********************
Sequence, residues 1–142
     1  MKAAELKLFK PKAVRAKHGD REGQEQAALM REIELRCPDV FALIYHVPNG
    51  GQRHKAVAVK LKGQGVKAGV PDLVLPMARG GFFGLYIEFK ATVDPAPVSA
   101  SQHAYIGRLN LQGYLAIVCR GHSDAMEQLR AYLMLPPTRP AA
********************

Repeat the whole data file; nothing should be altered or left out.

Sequence, residues 1–142
     1  MKAAELKLFK PKAVRAKHGD REGQEQAALM REIELRCPDV FALIYHVPNG
    51  GQRHKAVAVK LKGQGVKAGV PDLVLPMARG GFFGLYIEFK ATVDPAPVSA
   101  SQHAYIGRLN LQGYLAIVCR GHSDAMEQLR AYLMLPPTRP AA